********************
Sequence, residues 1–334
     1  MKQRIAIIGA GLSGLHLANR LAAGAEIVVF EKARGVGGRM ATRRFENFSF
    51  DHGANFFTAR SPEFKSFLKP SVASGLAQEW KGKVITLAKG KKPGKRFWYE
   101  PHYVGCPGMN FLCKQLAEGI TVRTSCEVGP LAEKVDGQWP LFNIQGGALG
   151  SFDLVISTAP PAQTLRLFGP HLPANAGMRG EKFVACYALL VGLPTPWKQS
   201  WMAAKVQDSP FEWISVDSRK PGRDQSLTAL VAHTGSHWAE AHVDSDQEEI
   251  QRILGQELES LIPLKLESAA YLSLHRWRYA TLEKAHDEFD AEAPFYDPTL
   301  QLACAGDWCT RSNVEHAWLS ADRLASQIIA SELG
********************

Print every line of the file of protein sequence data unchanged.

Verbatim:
Sequence, residues 1–334
     1  MKQRIAIIGA GLSGLHLANR LAAGAEIVVF EKARGVGGRM ATRRFENFSF
    51  DHGANFFTAR SPEFKSFLKP SVASGLAQEW KGKVITLAKG KKPGKRFWYE
   101  PHYVGCPGMN FLCKQLAEGI TVRTSCEVGP LAEKVDGQWP LFNIQGGALG
   151  SFDLVISTAP PAQTLRLFGP HLPANAGMRG EKFVACYALL VGLPTPWKQS
   201  WMAAKVQDSP FEWISVDSRK PGRDQSLTAL VAHTGSHWAE AHVDSDQEEI
   251  QRILGQELES LIPLKLESAA YLSLHRWRYA TLEKAHDEFD AEAPFYDPTL
   301  QLACAGDWCT RSNVEHAWLS ADRLASQIIA SELG